Show of the Week: Last King Of The Cross

Last King Of The Cross

This Australian drama series has been inspired by John Ibrahim’s autobiography and charts his rise from a poverty-stricken immigrant with no education, no money and no prospects, to the country’s most infamous nightclub mogul.

“At its heart, this drama is a rags-to-riches tale that is salacious, violent and gripping,” says Mark Fennessy, who launched Helium Pictures last year. “It’s all set in the decadent, crime infested but very sexy district of Kings Cross in 1980s/90s Sydney – it’s a world within a world that few ever knew existed.”

The ten-part series stars Lincoln Younes (Grand Hotel, Tangle), Claude Jabbour (Eden, Stateless) and Tim Roth (She-Hulk, Lie to Me) and follows Lebanese-born teenager John and his older brother Sam, who quickly find themselves drawn to the glittering lights of the Cross.

“We set out to faithfully recreate the infamous world of Sydney’s Kings Cross circa late 80s/early 90s—a mini-Atlantic city not quite a mile long. So, we built it from the ground up in a car park in western Sydney,” reveals Fennessy.

“We populated the set with literally hundreds of extras bringing the strip to life in an authentic way – from street walkers and the homeless, to the Bikies and the Silvertails on a night out. And we were shooting during a major rain event, so we used this to our advantage with our DOP working with the directors to deliver beautifully framed imagery in cool tones with flashes of colour from the neon of the night.”

The two brothers enter this underworld and quickly make a name for themselves – one possesses incredible intelligence and invention, while the other provides muscle and intimidation. Together, they are unstoppable.

However, just as John is establishing himself as a nightclub owner, the cocaine wave hits Sydney and as rivers of money begin to flow in different directions, loyalties are questioned, and Kings Cross’ delicate ecosystem is spun into chaos.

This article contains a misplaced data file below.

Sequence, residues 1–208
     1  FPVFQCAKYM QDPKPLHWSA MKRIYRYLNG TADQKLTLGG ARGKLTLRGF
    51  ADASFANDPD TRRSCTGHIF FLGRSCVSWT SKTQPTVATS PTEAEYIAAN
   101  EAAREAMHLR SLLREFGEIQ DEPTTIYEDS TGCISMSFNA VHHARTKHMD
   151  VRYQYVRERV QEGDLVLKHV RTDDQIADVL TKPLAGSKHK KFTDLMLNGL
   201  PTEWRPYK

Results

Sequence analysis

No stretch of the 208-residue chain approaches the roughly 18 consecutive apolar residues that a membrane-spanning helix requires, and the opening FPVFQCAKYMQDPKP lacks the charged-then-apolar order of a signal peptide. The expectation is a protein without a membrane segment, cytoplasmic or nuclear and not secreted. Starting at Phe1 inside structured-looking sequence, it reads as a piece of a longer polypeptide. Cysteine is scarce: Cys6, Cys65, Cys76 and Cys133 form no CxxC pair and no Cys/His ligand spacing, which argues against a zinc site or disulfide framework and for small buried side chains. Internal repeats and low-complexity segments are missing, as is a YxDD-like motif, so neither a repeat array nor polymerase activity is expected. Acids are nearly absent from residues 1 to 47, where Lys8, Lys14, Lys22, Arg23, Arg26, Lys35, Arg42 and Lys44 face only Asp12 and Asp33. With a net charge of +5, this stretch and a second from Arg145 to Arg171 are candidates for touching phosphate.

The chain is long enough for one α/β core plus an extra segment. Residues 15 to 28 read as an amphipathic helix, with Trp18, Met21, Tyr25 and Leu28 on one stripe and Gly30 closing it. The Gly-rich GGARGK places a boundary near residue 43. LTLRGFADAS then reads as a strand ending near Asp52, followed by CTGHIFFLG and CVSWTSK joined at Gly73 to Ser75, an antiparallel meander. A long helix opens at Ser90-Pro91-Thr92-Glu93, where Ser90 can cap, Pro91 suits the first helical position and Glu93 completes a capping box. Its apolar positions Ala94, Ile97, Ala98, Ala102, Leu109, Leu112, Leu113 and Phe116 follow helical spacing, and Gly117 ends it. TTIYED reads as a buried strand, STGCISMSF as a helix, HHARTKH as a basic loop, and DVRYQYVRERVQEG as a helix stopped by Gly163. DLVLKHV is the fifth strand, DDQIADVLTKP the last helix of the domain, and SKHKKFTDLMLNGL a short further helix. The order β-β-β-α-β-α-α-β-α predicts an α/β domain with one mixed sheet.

For the first time in 30 years the kingdom is up for grabs. To gain control, the brothers must battle the reigning King of The Cross, Ezra Shipman, the looming threat of a Vietnamese gang led by the ruthless Madame Tien, various outlaw motorcycle clubs, and a corrupt police force that belongs to no one.

Fennessy describes the series as “epic in scope and operatic in tone, with a brilliant mix of characters and a thrilling and muti-layered plotline which delivers a big, bold event series that audiences will find gripping.”

He likens it to dramas such as The Sopranos, Gangs Of London, Gomorrah and Goodfellas but “in a refreshingly different and authentic manner and with significant points of difference to any of these, including the diversity of its characters.”

Lastly Fennessy adds, the setting is a stark contrast to the usual Australian backdrops seen on TV, such as of Bondi Beach and the Outback, “making it an attractive, different proposition for audiences.”

Broadcaster: Paramount+

Producer: Helium Pictures

Distributor: Cineflix Rights

Synopsis: Drama inspired by John Ibrahim’s autobiography charting his rise from a poverty-stricken immigrant with no education, no money, and no prospects to Australia’s most infamous nightclub mogul

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